Which African Nation?

Previously: Which Iberia?Which Alexandria?Which Albania?

Ghana, Mali and Benin are the names of three modern Africa republics. They are also the names of medieval African kingdoms with little if any connection to the modern states that go by the same names. This post explains the how and why.

The script notes the borders of the old kingdom; the modern print notes the borders of the current state


Medieval Ghana was established in around the 4th century and lasted until the 13th Century, when it was absorbed into the larger Mali Empire.

Approximately 500 miles (800 km) south of Ghana was the shores of a region that came under the control of the British and which became known as the Gold Coast, taking from the Portugese name of the region. When the region became independent in 1957, President Kwame Nkrumah, the first president of the independent state and a strong believer in Pan-Africanism, chose the name Ghana to more broadly identify the country with the greater region. There is no ethnic, linguistic, or historical links to the two states.


Mali was one of the largest African empires in history. Although we are not aware of its boundaries, and understand it did not have rigid political borders, it dominated West Africa through the 8th century through 14th century. It was bankrupted by the collapse in gold prices in the 12th century, invaded by the Berbers from the north in the 15th century, and then came under French rule beginning in the late 19th century. During the colonial rule it was part of French Sudan.

Upon independence in 1959, the region was known as the Sudanese Republic, and united with Senegal to become the Mali Federation, which officially gained independence in June 20, 1960, only to have Senegal withdrew from the federation in August. The independent nation of Mali was then created in September. Of the three African nations that are subject to this post, Mali is the most logical naming of the three, as its borders fitting losely with that of its ancient predecessor.


The Kingdom of Benin was founded in the 12th century and lasted until the 19th century as a fierce militaristic kingdom famous for exporting ivory and slaves to Europe. It was the paramount power in the region and remained independent until 1897, when the capital was burned to the ground and much of the artwork (“Benin Bronzes”) sent to the great European museums, where it still exists today.

The kingdom’s capital city of Benin survived as a smaller city that is now part of Nigeria. It became independent as a puppet state of Biafra for about one day in 1969 as the Republic of Benin.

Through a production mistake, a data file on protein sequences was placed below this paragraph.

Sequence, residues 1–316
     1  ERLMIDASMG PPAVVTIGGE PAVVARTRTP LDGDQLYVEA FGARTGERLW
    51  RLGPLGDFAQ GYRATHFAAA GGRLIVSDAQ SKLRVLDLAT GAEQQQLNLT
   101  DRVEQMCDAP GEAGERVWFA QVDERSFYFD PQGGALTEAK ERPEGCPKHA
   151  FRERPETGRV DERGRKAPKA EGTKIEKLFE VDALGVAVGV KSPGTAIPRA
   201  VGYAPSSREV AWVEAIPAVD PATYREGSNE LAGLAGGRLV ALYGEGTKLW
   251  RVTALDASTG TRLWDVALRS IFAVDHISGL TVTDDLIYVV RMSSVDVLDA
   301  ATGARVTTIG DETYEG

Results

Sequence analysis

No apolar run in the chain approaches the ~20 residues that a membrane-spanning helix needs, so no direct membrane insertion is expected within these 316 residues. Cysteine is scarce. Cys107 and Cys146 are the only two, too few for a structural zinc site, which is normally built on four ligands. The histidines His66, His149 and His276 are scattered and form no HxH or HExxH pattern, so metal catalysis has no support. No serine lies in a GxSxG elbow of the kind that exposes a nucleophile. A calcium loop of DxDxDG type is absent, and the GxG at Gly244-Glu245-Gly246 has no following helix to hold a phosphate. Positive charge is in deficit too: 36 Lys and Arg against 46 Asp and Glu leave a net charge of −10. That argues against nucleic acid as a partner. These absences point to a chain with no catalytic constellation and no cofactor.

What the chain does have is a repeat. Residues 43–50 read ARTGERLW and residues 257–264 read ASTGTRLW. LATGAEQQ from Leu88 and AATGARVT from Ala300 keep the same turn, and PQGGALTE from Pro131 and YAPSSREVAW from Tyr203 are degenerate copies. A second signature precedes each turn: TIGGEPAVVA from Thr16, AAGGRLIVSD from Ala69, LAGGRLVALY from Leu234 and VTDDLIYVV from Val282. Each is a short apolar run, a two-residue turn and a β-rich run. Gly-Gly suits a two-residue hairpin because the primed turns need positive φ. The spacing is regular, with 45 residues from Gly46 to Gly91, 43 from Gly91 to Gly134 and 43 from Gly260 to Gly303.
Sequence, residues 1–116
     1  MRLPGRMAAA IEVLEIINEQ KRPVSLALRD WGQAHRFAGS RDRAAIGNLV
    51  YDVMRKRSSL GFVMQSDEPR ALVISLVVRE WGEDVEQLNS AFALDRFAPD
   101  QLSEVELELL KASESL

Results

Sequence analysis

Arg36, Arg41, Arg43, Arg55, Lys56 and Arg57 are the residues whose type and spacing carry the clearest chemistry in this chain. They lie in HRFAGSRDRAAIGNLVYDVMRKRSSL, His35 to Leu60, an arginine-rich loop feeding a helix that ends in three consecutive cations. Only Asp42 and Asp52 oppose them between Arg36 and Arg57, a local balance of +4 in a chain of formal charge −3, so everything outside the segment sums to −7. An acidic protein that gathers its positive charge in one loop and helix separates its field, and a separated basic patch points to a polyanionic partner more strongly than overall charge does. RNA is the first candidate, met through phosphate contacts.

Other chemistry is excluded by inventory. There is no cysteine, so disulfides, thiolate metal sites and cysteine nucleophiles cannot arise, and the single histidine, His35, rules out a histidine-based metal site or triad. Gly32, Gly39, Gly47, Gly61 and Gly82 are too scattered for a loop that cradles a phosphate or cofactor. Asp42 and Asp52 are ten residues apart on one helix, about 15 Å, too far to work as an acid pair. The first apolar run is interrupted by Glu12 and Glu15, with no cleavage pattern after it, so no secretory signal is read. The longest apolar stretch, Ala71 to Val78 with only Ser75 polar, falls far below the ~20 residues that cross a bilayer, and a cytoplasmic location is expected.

Several hundred miles to the west of Benin City and the old Kingdom of Benin is a nation known before and during the colonial period as Dahomey. It was changed in 1975 to the People’s Republic of Benin after the nearby body of water known as the Bight of Benin. This had been named after the Benin Empire. Thus it happens that Benin, like Ghana, is another modern African state with no direct connection to the medieval nation of the same name.

The wikipedia page for the Republic of Benin warns readers: Not to be confused with the current Republic of Benin, formerly known as Dahomey, or the Kingdom of Benin from the Benin City area. That type of disclaimer is required for Ghana and Mali as well.

About Curzon

Lord George Nathaniel Curzon (1859 - 1925) entered the British House of Commons as a Conservative MP in 1886, where he served as undersecretary of India and Foreign Affairs. He was appointed Viceroy of India at the turn of the 20th century where he delineated the North West Frontier Province, ordered a military expedition to Tibet, and unsuccessfully tried to partition the province of Bengal during his six-year tenure. Curzon served as Leader of the House of Lords in Prime Minister Lloyd George's War Cabinet and became Foreign Secretary in January 1919, where his most famous act was the drawing of the Curzon Line between a new Polish state and Russia. His publications include Russia in Central Asia (1889) and Persia and the Persian Question (1892). In real life, "Curzon" is a US citizen from the East Coast who has been a financial analyst, freelance translator, and university professor; he is currently on assignment in Tokyo.
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4 Responses to Which African Nation?

  1. Alfred Russel Wallace says:

    Was Timbuktu in Ghana?

  2. Curzon says:

    Well, it may have existed within the general borders of Ghana, but it became the capital of Mali.

  3. Pingback: ComingAnarchy.com » Which Guinea?

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